JENNIFER #wetoo is made even more poignant by the fact that Ferguson is performing with her family, who are all just as talented. Her husband, Anders, is musical director, composer and conductor while their children – son Gabriel Nyberg and daughter Johanna Nyberg – will perform alongside her on stage. Gabriel is a talented multi-instrumentalist and composer in his own right and Johanna, who has Downs Syndrome, loves being on stage and will solo in a moving ballad, My Temple, My Home, a song composed with Cape Town activist musician Su Lubner to campaign against child abuse.

The JENNIFER #wetoo concerts are hopefully the beginning of a future project in partnership with FATC. “We, like everyone in South Africa, want a country where sexual violence is no longer the norm and where survivors of sexual crimes are empowered to speak out, are met with care and respect and a form of justice that heals not only themselves, but the community as a whole,” says Ferguson. “We want to work in close consultation with and support various organisations which have for many years been doing really hard, remarkable work in the field of sexual violence. We hope to open spaces for conversations around the difficult aspects of our inter-relationships, and men need to be part of this as well.”

Ferguson has been known for her insightful and uncompromising spirit which has consistently reflected in her activism and her music throughout the decades. Her award-winning recordings defined many of the complexities of the 80’s with anthemic songs around military conscription, the white suburban malaise and the rich textures of South Africa’s narratives of the struggle for freedom.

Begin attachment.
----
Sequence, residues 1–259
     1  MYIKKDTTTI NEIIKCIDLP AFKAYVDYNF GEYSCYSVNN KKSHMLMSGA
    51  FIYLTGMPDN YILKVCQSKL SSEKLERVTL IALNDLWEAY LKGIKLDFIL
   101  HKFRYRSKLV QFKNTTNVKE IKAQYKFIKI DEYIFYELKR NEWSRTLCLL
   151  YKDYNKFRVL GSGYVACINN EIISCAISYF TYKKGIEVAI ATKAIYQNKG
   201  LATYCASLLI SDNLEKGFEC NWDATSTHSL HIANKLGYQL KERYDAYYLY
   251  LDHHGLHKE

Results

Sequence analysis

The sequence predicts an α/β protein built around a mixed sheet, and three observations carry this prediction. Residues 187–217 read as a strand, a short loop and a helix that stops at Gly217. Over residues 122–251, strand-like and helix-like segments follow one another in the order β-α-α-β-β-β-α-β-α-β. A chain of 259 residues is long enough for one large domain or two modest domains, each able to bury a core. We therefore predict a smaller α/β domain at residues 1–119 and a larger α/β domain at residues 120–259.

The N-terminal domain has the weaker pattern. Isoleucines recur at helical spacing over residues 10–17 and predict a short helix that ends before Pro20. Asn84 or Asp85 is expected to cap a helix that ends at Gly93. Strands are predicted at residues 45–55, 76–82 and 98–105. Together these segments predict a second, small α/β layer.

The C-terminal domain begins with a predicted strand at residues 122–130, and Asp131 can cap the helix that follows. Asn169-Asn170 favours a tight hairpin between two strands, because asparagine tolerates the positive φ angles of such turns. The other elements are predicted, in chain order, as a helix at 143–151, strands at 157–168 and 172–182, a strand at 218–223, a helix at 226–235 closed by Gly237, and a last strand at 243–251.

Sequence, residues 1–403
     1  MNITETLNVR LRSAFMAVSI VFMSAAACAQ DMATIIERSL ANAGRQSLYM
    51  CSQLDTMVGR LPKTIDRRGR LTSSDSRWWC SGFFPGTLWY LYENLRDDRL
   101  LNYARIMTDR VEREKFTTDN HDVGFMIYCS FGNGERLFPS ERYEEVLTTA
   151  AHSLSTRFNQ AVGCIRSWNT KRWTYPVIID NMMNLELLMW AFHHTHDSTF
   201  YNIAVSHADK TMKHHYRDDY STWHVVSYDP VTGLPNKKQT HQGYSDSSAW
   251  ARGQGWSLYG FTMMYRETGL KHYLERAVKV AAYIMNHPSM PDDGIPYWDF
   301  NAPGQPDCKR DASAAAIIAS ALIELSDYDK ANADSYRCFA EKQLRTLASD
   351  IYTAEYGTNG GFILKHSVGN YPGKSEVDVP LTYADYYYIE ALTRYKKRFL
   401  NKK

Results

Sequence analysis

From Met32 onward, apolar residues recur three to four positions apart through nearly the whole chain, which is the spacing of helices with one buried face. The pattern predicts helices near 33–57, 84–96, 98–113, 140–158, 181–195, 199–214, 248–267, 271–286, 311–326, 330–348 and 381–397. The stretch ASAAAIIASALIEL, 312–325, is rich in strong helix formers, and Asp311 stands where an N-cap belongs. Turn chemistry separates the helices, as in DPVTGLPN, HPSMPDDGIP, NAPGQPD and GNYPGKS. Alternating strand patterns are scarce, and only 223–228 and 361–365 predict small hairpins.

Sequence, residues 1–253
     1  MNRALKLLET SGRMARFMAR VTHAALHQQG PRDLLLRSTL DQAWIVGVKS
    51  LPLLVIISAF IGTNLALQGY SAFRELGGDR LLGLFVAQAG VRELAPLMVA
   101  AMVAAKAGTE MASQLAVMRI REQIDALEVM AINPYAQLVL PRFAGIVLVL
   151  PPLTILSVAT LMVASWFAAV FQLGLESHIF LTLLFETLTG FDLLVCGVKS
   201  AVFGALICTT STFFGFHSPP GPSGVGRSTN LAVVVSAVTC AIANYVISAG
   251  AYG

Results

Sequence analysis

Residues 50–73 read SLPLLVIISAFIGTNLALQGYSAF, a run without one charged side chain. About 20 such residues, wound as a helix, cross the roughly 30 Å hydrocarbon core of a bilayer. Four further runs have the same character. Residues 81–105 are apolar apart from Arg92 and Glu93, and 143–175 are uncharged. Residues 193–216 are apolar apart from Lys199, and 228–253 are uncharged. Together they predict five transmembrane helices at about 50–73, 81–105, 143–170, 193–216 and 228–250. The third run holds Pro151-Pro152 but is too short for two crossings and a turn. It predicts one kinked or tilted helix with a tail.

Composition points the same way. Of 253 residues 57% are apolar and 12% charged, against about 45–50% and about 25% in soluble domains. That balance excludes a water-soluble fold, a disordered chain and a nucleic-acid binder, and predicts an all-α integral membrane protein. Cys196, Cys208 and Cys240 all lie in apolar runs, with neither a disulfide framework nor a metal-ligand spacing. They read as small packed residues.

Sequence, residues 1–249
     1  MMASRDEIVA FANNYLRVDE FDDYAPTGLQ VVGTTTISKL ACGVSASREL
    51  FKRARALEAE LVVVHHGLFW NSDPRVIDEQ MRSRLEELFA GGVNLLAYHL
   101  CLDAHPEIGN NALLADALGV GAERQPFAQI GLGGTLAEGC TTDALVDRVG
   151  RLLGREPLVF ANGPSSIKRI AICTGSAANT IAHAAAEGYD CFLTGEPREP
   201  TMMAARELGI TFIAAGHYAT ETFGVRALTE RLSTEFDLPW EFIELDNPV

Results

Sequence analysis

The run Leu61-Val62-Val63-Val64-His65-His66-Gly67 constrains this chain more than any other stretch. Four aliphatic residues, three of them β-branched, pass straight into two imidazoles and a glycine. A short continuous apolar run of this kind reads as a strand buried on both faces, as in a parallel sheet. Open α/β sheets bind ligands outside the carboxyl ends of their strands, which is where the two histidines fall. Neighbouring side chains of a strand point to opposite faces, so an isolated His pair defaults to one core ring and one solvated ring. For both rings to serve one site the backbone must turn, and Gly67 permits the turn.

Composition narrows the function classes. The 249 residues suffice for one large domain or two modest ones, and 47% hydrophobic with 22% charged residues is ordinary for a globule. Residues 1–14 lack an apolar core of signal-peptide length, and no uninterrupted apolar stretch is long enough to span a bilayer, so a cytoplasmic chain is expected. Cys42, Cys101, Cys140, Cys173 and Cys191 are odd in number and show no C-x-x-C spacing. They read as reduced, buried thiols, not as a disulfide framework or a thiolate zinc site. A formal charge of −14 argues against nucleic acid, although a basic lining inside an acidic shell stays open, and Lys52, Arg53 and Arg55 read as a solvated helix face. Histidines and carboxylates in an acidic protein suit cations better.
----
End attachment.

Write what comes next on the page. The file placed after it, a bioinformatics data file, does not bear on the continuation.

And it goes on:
In the 90s she worked in parliament under Nelson Mandela’s presidency. During a tour of Sweden as an MP and artist in 1993, she met Anders Nyberg, her husband of 21 years. He had worked internationally in solidarity with the Liberation Struggle and even in the Cape townships as a choral researcher during the 80s. Their mutual passion for music, spirituality and social justice helped bring them together and continues to sustain them.

Jennifer’s first collaboration with FATC was in 2003, for its When Life Happens Festival, the first HIV/AIDS-focused festival of its kind in South Africa.

Ferguson decided to shift base to Sweden to accommodate the special needs of her daughter Johanna when she turned 10 years old. She lives a fairly reclusive life focusing on her music, choral workshops and concerts, sound healing and teaching. She also co-leads an integration choir. ‘‘Life in Sweden has given me the gift of another culture, a rare gift of original wilderness, a country where access to the land is enshrined constitutionally and some truly amazing music. I can work and walk in peace. But still there is nothing, ever, quite like home,” she says.

Tickets for the JENNIFER #wetoo concerts from 4 to 7 April are R195 with an Early Bird Special of R120 only valid until 16 March and discounts for students and pensioners on presentation of valid identification. Booking is through Webtickets on 086 111 0005, online at www.webtickets.co.za or at selected Pick n Pay outlets.